March 16 coronavirus news
Major League Baseball has announced that the opening of the 2020 season has been pushed back indefinitely.
MLB said the league is following the recommendation by the US Centers for Disease Control and Prevention that no gatherings with 50 people or more take place for the next eight weeks to slow the spread of the novel coronavirus.
Because of those recommendations, "the opening of the 2020 regular season will be pushed back in accordance with that guidance,” MLB Commissioner Rob Manfred said in a statement.
MLB stated last Thursday that the season would be delayed at least two weeks.
Israel is preparing to open four hotels across the country as quarantines sites for confirmed cases of coronavirus, Minister of Defense Naftali Bennett announced Monday night. The hotels will be used to treat people exhibiting mild symptoms of the virus.
The first two hotels in Tel Aviv and Jerusalem are expected to be ready for use as quarantine sites by Tuesday, the head of Israel’s Home Front Command told reporters in a conference call. The other two hotels — one in the north of the country and one in the south — will be ready by the end of the week, the Defense Minister said.
Each hotel is expected to hold up to 500 patients but capacity could be increased up to 2,000 in each hotel if necessary, Maj. Gen. Tamir Yadai told reporters.
On Sunday, Bennett said in a news conference, “We have to tell the public the truth: we simply don’t know how many cases there are.”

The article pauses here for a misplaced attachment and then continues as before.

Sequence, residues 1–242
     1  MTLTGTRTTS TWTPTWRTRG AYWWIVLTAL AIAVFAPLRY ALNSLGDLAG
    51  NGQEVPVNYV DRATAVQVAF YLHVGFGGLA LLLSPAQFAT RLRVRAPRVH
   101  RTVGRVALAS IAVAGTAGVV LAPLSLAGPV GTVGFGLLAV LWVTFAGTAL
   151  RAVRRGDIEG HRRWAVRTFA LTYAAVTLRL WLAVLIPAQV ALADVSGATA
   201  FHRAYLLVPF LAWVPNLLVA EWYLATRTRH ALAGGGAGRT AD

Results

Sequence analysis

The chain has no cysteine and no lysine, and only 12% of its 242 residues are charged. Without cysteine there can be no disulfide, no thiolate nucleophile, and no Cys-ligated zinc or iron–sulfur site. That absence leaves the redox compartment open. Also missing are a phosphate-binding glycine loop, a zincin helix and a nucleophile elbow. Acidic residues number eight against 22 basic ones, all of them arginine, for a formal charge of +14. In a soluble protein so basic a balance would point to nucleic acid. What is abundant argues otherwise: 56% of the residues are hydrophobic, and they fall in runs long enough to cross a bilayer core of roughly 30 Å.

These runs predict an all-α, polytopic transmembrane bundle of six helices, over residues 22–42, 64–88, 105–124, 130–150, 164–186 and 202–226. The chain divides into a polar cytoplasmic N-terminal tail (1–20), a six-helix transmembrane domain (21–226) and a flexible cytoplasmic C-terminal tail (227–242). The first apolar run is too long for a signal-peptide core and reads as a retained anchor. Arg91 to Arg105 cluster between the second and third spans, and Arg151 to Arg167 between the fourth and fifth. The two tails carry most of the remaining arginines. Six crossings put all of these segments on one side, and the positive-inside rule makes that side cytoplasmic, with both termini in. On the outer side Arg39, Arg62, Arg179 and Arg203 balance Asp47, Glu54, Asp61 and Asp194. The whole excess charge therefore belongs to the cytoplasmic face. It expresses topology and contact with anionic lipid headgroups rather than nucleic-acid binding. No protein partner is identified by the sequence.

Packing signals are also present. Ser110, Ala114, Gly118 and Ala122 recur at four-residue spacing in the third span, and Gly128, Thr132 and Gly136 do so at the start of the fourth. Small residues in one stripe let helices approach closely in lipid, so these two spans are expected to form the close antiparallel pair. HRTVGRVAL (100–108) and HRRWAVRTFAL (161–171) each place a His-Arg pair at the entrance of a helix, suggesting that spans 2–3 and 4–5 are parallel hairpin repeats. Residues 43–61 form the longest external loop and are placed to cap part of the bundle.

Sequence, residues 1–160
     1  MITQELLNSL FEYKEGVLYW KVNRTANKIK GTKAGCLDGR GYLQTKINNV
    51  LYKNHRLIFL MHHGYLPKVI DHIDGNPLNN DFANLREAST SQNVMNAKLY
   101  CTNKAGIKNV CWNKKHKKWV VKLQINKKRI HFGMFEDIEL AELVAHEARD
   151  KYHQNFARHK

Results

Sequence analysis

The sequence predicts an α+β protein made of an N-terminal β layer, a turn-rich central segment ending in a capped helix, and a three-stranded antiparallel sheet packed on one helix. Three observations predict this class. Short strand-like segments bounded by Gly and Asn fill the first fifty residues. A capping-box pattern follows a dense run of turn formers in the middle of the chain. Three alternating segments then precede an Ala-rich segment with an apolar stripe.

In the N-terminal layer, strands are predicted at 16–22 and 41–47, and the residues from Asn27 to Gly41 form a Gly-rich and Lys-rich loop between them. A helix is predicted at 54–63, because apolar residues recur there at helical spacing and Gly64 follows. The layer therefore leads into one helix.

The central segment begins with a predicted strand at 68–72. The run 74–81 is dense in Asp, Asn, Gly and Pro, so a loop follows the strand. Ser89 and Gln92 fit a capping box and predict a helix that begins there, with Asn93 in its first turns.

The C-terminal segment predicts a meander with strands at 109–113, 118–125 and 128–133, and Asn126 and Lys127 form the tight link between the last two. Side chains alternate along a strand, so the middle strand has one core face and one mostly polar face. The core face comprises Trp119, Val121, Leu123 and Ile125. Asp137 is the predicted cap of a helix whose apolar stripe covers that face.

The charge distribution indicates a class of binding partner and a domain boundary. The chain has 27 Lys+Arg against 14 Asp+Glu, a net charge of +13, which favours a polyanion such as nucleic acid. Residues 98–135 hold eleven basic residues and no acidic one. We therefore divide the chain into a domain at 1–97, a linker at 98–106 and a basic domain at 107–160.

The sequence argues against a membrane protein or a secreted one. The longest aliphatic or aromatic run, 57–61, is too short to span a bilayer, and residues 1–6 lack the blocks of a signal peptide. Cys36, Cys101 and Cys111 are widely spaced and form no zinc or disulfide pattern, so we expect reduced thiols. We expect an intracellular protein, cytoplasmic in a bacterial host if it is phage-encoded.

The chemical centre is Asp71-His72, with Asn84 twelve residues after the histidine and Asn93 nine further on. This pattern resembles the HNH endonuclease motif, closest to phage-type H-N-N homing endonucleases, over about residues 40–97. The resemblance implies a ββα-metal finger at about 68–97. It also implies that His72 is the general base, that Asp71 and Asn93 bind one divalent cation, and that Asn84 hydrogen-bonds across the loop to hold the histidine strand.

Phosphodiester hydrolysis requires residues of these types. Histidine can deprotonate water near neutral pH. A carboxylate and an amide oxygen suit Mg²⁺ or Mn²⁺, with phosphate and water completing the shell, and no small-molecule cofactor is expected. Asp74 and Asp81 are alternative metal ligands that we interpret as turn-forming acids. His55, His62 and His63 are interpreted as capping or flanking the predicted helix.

“We currently do not have a vaccine for corona. The real vaccine is awareness, caring, and responsibility,” he added.
The European, Americas and final world qualifying boxing tournaments for the Tokyo 2020 Olympic Games have been suspended due to the outbreak of coronavirus, the International Olympic Committee’s (IOC) Boxing Task Force (BTF) announced in a statement on Monday.
It said the European qualifiers, which have been taking place in London since Saturday and were due to run until March 24, would end after Monday’s evening session.
The European qualifiers, which featured athletes from over 60 countries, will now resume in May to allow participants to adjust their travel plans and return safely home “amid increasing global travel restrictions and quarantine measures.”
The statement added that the BTF will continue to evaluate the situation daily with the aim of completing the distribution of the remaining boxing quota places for the games in May and June.
Several Olympic qualifying events, including those for climbing, fencing and judo, have already been canceled or postponed with new dates for those events yet to be announced.
The UK government will not enforce its new social distancing coronavirus measures with fines or legal threats because the UK is “a mature and grown up democracy where people understand the advice being given to them,” UK Prime Minister Boris Johnson said.
“On powers, you may be amazed to know, this government already has tremendous powers in this field,” Johnson said.
He explained: “Don’t forget that other countries are in different stages in their movement up the curve. The crucial things is timeliness. Our interventions should be timely to have the maximum effect… when you come to more extreme measures like curfews and things we’ve seen in other countries, we’re keeping all things under review… we’re keeping school closures under review.”
The UK is not currently testing everyone with coronavirus symptoms, a strategy that has been questioned by experts.
The UK’s Chief Medical Officer Chris Whitty said they would "continue to scale up testing, but I think it’s important to realize the scale for testing which has been substantial, and we will continue to scale up from here.”